Lois Rogers The Sunday Times 19 July 2015
If you’re lying by a pool with the delicious sensation of the sun penetrating deep into your skin, stop reading now. Yes, you know the sun’s rays are harmful, but did you realise the shrivelled-prune effect favoured by a certain breed of thin Frenchwoman is caused by the longest waves of UVA light? While the medium-wave UVB rays crisply grill the surface of the skin, long-wave UVA bores right through into the deeper, living layers of the dermis, breaking down the plump, moisturised cushion of collagen and elastin, and leaving a hard, dry, wrinkled effect not dissimilar to a sun-dried tomato.
The skin scientist Caterina Longo of Santa Maria Nuova hospital in Reggio Emilia, Italy, has achieved worldwide recognition for her skill in adapting confocal microscopy — the latest generation of hightech laser-light imaging — to show this alarming process of accelerated ageing. “You can actually see the collagen disappearing,” she says. “Without the protection of collagen and the supportive structure of elastin, skin begins to wrinkle and age and the risk of skin cancer rises dramatically. “If we can show people these processes, they might better understand the risks they’re taking. You need collagen in your skin not just to look youthful, but to protect yourself from sun damage.”
As it would be unethical to monitor the degradation of sun worshippers’ skin as they fry themselves, Longo is now embarking on a research project with Minerva Research Labs, the manufacturer of the oral collagen supplement Pure Gold Collagen, to investigate the long-term benefits of its compounds on skin rejuvenation and sun protection. Scientists already know topical collagen can kick-start natural production of this vital skin compound — collagen dressings are used in the NHS to boost wound healing — but the effect of oral collagen supplementation on sun protection is only beginning to be understood. “We have published some scientific data showing our product migrates to the skin, where it bulks up existing collagen and stimulates the production of new supplies,” says Sara Sibilla, senior research scientist at Minerva Research Labs. “We want to better understand these processes and generate more research evidence to show consumers that this approach can work in skin rejuvenation and protection.”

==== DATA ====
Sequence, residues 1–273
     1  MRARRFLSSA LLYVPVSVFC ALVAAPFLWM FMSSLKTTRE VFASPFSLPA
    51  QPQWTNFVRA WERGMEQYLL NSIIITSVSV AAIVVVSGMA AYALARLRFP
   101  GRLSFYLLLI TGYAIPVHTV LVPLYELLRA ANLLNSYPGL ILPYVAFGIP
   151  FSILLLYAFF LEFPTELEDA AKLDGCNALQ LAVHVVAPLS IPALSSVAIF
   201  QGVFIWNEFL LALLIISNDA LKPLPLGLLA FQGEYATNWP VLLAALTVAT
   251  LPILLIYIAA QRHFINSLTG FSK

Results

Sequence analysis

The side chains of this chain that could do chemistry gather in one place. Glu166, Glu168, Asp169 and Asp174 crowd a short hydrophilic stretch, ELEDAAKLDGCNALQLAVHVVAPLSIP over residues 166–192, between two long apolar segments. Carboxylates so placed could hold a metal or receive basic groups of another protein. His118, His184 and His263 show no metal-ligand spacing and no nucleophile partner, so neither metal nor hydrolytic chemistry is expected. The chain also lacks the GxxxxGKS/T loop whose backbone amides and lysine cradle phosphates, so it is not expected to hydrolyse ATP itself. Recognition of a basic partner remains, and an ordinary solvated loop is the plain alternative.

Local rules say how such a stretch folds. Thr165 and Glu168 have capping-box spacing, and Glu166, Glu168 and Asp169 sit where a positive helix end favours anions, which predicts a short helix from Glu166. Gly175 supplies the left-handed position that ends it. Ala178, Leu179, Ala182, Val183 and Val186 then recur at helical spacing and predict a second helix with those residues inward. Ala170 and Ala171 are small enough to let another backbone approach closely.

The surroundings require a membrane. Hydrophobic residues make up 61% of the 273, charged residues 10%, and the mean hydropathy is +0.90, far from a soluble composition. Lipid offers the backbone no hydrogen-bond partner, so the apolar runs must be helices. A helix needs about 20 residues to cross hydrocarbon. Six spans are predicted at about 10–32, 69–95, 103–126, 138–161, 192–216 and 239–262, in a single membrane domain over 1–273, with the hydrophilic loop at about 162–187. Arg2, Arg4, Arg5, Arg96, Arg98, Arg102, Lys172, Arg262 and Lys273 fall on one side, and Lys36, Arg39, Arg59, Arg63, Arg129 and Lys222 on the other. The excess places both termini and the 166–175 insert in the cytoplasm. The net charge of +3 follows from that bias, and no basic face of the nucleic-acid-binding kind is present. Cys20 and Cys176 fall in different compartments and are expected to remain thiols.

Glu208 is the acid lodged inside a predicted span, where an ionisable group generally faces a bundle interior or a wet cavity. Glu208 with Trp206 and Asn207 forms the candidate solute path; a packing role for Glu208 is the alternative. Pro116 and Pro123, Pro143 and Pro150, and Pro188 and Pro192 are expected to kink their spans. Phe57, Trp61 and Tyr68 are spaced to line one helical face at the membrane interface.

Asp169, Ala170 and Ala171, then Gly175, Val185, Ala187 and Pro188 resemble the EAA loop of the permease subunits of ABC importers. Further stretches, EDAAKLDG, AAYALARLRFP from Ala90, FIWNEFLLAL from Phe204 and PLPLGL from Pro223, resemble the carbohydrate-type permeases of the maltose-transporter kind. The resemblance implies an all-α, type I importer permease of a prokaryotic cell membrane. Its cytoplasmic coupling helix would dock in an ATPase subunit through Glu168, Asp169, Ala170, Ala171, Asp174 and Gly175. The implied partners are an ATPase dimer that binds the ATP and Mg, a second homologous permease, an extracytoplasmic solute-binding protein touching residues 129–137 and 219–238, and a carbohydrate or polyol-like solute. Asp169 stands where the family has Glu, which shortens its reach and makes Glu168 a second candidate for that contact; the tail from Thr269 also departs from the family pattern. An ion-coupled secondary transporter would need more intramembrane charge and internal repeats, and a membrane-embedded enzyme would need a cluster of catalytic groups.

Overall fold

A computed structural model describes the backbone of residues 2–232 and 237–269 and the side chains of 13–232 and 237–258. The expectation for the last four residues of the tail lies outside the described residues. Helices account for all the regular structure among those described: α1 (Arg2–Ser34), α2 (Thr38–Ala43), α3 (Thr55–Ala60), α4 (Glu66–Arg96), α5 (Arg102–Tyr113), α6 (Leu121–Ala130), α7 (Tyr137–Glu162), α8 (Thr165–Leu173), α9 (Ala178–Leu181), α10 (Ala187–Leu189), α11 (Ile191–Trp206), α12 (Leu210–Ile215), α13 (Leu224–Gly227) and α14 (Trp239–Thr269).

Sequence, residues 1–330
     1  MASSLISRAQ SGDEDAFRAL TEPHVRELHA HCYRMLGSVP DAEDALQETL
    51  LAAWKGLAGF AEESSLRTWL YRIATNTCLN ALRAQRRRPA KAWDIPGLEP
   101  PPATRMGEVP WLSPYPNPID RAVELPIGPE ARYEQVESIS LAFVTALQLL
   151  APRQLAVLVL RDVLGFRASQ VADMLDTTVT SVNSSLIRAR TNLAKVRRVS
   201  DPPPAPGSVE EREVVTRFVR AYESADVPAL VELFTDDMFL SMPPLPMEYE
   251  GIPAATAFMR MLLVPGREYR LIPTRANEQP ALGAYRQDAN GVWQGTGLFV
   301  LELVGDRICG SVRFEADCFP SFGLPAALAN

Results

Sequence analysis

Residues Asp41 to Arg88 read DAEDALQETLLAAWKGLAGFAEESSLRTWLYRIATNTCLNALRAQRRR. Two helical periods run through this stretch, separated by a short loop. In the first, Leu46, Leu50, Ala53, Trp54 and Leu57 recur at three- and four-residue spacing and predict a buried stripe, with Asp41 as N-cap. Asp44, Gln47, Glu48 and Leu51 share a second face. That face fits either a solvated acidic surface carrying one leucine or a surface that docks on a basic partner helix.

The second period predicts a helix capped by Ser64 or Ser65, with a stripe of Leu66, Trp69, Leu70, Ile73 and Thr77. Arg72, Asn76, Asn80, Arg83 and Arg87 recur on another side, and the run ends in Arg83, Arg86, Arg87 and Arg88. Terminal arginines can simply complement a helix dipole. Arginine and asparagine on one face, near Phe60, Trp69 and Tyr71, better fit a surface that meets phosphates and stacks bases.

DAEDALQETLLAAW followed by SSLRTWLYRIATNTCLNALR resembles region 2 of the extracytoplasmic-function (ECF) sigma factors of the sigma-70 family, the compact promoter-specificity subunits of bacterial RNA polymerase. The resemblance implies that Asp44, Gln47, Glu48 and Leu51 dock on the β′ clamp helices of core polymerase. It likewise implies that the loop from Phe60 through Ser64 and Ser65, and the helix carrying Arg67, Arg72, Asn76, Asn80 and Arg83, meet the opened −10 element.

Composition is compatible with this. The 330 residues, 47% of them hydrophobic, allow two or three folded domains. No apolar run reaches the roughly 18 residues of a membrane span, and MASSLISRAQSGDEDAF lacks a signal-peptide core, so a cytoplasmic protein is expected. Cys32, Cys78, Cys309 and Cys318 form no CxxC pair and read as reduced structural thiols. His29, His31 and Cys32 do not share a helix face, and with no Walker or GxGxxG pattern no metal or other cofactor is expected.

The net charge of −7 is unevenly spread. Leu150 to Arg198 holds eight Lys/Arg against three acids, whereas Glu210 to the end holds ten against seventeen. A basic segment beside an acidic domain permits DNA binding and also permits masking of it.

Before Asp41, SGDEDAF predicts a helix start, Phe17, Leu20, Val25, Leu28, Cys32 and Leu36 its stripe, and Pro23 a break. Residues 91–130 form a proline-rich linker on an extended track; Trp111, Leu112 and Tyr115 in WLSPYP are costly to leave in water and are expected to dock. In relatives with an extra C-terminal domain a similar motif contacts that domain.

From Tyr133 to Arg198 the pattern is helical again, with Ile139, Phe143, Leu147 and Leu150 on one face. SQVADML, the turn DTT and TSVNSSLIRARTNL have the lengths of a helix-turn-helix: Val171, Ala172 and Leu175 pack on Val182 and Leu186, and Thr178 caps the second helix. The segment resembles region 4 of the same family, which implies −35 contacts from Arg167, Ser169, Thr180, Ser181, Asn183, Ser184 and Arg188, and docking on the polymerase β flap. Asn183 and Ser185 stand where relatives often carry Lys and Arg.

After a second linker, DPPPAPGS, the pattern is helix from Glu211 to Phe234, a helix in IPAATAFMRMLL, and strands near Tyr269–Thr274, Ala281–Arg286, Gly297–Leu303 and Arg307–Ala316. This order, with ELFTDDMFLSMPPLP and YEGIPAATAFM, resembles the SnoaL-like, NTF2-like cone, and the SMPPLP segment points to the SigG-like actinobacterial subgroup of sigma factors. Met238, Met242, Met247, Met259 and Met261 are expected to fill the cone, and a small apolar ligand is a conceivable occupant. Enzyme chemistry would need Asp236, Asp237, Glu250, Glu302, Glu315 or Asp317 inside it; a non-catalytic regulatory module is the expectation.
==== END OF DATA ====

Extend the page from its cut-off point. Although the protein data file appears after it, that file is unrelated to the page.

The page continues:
Pending the arrival of a scientifically validated collagen-based sunscreen, finding the most effective UVA sunscreen to protect your natural collagen can be tricky. Light wavelength is measured in nanometers. Broadly, we need protection against all wavelengths from 290 to 400 nanometers. Although there are internationally agreed ratings of sun protection factor (SPF) for UVB, there is only the baffling European symbol of the letters UVA in a circle to indicate that a product offers at least a third of the protection against UVA as it does against UVB.
Last month, the Royal Pharmaceutical Society warned that consumers are being exposed to risk, after its research showed that most people wrongly believe an SPF rating covers UVA as well as UVB protection levels. In the absence of an agreed method, the best approach is to look for a UVA five-star rating, the system used by Boots, a PA++++ rating (a Japanese system), or packaging that states exactly what it offers.
It’s still hard to be sure, however. Boots recently suffered a setback when a study by the consumer watchdog Which? found its Soltan Protect & Moisturise Lotion SPF30 offered only two-thirds of the claimed protection. Studies funded by L’Oréal, which makes Ambre Solaire, have shown that once UVA has penetrated through the collagen, it goes on to damage skin DNA and the immune system, reviving dormant viruses such as herpes simplex (cold sores).
“The contribution of UVA to skin damage has long been estimated but only recently been better understood,” says Luc Aguilar, director of biological and clinical research at L’Oréal. “UVA radiation doesn’t change with latitude, and you need daily protection. We are now changing formulations to provide better protection and reduce damage that occurs deep in the dermis, the lower layers of the skin.” According to the New York dermatologist Adam Geyer, a consultant for Kiehl’s, the most critical UVA wavelengths are those above 370. “There is an effort among many companies to block these, but we are also fighting public resistance to the idea that everyone is vulnerable,” he says.
The problem is that visual evidence of sun damage, such as that collected by Longo, rarely makes it into the public eye. The seductive sensation of warmth is hard to associate with the wizening of old age, and most people believe they look better when they have been in the sun.
Other brand leaders say they are engaged in a public awareness battle, but is it enough? Frank Schwanke, head of research and development for Nivea Sun, says UVA filters have been constantly upgraded since the early 1990s, but admits most consumers have little idea what they are for. “We are trying to educate people, and a global UVA rating system is under discussion, but we are not there yet,” he says.
If you haven’t moved your sun lounger into the shade yet, now is the time.